The story continues a year and half later in Rome. Tanja and I were on a memorable camping trip through Italy. To save money, we camped on a camping site that was within city limits and took public transit the city center. Halfway through our stay in Rome, after a long day in the sweltering city, we hopped on a bus that would take us back to our camping site. It was never a pleasant experience: busses were constantly overcrowded, which forced the passengers to squeeze together like sardines in a can. Nothing could be wrong with that. I thought.

olive branch silhouette in sunset

Shortly after we had gotten back to the camping site, I discovered that my wallet was no longer in my pant pocket (full disclosure: I had stupidly enough put it in the thigh pocket, lesson learned) Immediately, I knew who had stolen it on the bus, because there was only one person who had gotten close enough to me. Panic took a hold of me: cash, credit cards, driver’s licence, id, everything was gone. The loss of all of this was very inconvenient, but not irreplaceable. What saddened me the most, was the loss of my rhino.

We rushed to the nearest police station, which in itself was a caricature. The station was little more than the ground floor of a run-down apartment building where a sweaty, rather ‘plump’ police officer with a too-small-for-his-body shirt was reclined in a chair, feet up on the counter, watching cartoons. Any other language than Italian was unheard of, but after hearing the word ‘pick-pocket’ he briskly gave me a standard form (type copy-of-a-copy times 10) on which I checked off what had happened. The choice went between ‘pick-pocket’, ‘purse snatch’ and ‘cut open backpack’; what do you mean theft is a plague in Rome. After finishing the form  the officer stamped it (with a stamp that literally fell apart in front of me) and then got back to his cartoons; the sign for me to leave. And that was that I guess.

Roman checking his cellphone

After the incident, we continued our vacation by using Tanja’s credit cards (her wallet was safely stored in the car on the camping) Once back home, I replaced all the lost cards, but was still mourning for my lost rhino (which Tanja tried replacing with a hippo, but it wasn’t the same) Luckily, time did heal the pain.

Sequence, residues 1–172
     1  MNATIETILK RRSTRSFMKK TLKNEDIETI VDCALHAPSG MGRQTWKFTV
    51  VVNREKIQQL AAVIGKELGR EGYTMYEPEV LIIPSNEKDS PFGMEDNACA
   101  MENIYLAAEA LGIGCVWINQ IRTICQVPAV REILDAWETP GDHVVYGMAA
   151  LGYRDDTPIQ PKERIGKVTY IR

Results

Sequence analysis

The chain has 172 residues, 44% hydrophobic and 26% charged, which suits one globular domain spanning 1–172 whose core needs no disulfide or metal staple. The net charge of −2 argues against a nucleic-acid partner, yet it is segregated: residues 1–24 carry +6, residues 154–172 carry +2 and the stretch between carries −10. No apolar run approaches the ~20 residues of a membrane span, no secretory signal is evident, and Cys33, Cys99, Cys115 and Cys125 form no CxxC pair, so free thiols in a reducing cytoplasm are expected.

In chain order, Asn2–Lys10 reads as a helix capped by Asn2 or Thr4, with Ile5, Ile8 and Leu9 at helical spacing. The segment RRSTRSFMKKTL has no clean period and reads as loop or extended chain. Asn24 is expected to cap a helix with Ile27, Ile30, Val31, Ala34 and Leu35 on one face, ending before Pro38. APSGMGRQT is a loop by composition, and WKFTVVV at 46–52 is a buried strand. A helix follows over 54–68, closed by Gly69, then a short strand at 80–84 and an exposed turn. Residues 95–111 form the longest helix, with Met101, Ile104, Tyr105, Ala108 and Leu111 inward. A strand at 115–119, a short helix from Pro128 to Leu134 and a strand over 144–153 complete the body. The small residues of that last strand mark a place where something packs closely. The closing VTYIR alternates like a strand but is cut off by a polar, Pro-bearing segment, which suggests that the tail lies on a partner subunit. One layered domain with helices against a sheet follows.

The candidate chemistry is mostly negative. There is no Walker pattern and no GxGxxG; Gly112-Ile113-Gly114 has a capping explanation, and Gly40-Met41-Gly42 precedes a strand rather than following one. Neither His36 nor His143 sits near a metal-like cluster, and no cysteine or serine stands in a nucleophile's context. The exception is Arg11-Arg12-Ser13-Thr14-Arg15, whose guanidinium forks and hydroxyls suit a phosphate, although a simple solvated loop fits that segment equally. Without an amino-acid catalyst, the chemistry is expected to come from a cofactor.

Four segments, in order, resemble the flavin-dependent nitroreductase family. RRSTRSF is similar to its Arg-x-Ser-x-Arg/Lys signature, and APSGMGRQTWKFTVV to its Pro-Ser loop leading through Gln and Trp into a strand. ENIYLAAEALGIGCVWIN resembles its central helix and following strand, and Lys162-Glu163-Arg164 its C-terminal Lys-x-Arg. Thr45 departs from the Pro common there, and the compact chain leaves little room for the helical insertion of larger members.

And then, about six weeks later, the mailman delivered a thick manilla envelope with a header of the Belgian embassy in Rome. I ripped it open, and couldn’t believe my eyes: it was my stolen wallet, with contents (except for the cash) The credit cards had been cut (by the embassy) but were still there, as was the pile of personal papers.With trembling hands I ruffled through the papers until I found it: my rhino. Needless to say that I was ecstatic. How it found it’s way back to me, is amazing. Just think of it: the pick-pocketer must have taken out the cash, thrown it in some back alley, where it got found, brought to the police, who gave it to the embassy, who sent it to me. But somehow the stars lined up right, and I’m eternally grateful for that.

Shortly after that, I got my first Moleskine notebook with the signature inside pocket. I made it into a treasure pocket, where I keep the rhino and other scraps Tanja gave me throughout our 5 years together. To anyone else, they’re just pieces of paper with scribbling on them, but to me they mean the world.

Jelger Vitt's Rhino